Imagine: last Friday, I thought the playoffs were getting boring. 2-0 leads in both series, no reason to think that either underdog had much of a chance. When driving to the restaurant on Saturday, the Red Sox had taken a lead, so I was starting to perk up, but by the time the meal was over, they’d given up 13 runs, with more to come. (The dinner was at the excellent Shiki Sushi, which we went to for the first time. I’m not sure the sushi is quite as good as that at Sushitomi, but that’s a very high standard, and the non-sushi parts of the menu are much more varied. With monthly specials that, this month, included three matsutake mushroom specials and a monkfish liver special. Very friendly staff, nice ambience. It won’t replace Sushitomi as our Japanese restaurant of choice, but if they were both equally far away from our house, we’d probably go to both equally often.)

And then Sunday looked like more of the same – the Red Sox took a lead, the Yankees took the lead back, and that was that. Except it wasn’t that – the Red Sox tied it against Rivera in the ninth, and won in the twelfth. But I still wasn’t convinced; at work on Monday, I saw (well, “saw” – I just was watching icons on a Java applet) the Red Sox take the lead, I saw the Red Sox lose the lead, I thought it was probably over. But then, just as I was leaving work, the Red Sox tied it up; by this time, I was starting to learn my lesson, and was looking forward to listening to them win on my ride home.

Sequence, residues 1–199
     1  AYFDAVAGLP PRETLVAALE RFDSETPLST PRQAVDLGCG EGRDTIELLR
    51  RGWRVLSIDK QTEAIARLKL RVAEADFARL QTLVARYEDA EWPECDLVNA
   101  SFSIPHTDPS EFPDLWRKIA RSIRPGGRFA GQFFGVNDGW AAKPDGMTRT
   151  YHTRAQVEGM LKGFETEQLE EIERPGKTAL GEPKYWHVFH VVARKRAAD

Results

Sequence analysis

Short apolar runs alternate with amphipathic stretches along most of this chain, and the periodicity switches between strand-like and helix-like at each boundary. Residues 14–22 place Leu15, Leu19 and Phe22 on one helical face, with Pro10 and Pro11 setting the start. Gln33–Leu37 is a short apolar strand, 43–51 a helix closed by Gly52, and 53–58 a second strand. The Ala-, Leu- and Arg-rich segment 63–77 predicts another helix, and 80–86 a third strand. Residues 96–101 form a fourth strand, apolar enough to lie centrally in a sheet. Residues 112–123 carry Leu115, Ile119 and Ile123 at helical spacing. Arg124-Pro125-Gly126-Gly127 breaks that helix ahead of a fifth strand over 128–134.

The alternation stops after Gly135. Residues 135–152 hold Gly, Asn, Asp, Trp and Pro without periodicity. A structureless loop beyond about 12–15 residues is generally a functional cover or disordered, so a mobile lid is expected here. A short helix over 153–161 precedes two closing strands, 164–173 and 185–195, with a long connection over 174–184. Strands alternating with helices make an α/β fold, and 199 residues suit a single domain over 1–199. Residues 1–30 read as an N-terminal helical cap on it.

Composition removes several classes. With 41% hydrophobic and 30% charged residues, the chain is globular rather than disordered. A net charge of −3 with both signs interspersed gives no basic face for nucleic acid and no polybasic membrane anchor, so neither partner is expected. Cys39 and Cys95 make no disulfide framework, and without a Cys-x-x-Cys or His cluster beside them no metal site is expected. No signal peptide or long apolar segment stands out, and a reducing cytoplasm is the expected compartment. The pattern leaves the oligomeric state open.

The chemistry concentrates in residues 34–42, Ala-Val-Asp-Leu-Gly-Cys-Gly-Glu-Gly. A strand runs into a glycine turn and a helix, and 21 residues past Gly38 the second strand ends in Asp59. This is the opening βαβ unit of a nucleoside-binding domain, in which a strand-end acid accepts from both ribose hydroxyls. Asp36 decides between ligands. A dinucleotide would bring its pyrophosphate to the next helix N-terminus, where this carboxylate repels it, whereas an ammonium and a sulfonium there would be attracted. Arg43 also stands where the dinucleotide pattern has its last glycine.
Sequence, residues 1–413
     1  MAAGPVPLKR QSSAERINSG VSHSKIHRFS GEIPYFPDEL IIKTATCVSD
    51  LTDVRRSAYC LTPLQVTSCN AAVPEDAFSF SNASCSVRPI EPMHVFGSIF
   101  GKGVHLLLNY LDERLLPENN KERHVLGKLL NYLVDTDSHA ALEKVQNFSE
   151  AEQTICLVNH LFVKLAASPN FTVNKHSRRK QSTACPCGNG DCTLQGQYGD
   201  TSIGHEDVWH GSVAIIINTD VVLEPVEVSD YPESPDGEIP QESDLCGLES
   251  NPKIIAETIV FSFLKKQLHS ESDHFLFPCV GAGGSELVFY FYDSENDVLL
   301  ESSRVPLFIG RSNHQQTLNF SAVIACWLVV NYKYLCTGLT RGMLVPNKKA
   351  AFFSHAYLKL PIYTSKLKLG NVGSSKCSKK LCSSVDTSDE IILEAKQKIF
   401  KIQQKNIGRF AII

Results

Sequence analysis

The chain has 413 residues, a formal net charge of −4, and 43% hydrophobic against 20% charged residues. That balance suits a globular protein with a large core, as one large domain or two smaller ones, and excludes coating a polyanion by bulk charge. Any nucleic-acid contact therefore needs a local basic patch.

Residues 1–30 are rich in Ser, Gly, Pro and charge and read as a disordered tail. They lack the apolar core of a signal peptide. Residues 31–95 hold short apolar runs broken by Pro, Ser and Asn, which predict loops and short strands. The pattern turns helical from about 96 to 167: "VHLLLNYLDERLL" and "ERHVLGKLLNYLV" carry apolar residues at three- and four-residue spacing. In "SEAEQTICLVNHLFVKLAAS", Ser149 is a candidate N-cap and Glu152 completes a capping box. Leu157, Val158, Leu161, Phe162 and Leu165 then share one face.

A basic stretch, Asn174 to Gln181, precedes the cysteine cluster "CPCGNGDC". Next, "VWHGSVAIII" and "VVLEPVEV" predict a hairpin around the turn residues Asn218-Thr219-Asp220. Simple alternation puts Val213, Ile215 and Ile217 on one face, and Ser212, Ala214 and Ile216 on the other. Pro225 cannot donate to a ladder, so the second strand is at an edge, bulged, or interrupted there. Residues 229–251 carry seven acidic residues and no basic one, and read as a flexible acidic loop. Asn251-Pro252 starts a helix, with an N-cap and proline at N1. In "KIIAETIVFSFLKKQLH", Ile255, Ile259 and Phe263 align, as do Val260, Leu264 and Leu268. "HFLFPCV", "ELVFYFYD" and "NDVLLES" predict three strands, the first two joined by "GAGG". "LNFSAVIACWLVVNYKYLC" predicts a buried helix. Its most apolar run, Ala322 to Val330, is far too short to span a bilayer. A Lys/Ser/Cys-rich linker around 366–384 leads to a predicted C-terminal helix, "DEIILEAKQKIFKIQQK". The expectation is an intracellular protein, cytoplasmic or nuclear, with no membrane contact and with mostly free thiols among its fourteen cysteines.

The game did not, however, finish on my ride home, or even two hours after my ride home. I won’t go through the blow-by-blow, except to say that Tim Wakefield is one of my favorite Red Sox. The thing is, though, that apparently wasn’t even the best game played yesterday – by all accounts, the Astros / Cardinals game, which basically started and finished while the Red Sox and Yankees were in extra innings, was an absolute classic. Great pitching, of course, great defense (I had no idea Carlos Beltran was such a good fielder), and as dramatic a finish as one could hope for.

And, as I type this, the Red Sox just forced game 7. I never ever expected Curt Shilling to appear again in the postseason; and what an appearance! Nice to see the umps get calls right, too – I actually kind of expected them to get the home run call right, but I’m really impressed that they got the other play right, where Alex Rodriguez knocked the ball out of Arroyo’s hand. I can’t wait until tomorrow…

Side note: I’m really glad baseball switched to an unbalanced schedule last year. The AL West ended in as exciting a manner as possible, with Texas, Anaheim, and Oakland slugging it out (though I would have preferred a different outcome, of course), and, as I learned on the radio today, the Red Sox and Yankees’ game today was their 51st meeting in the last two years. (Splitting the previous fifty meetings equally.) That’s the way it should be.

Post Revisions:

There are no revisions for this post.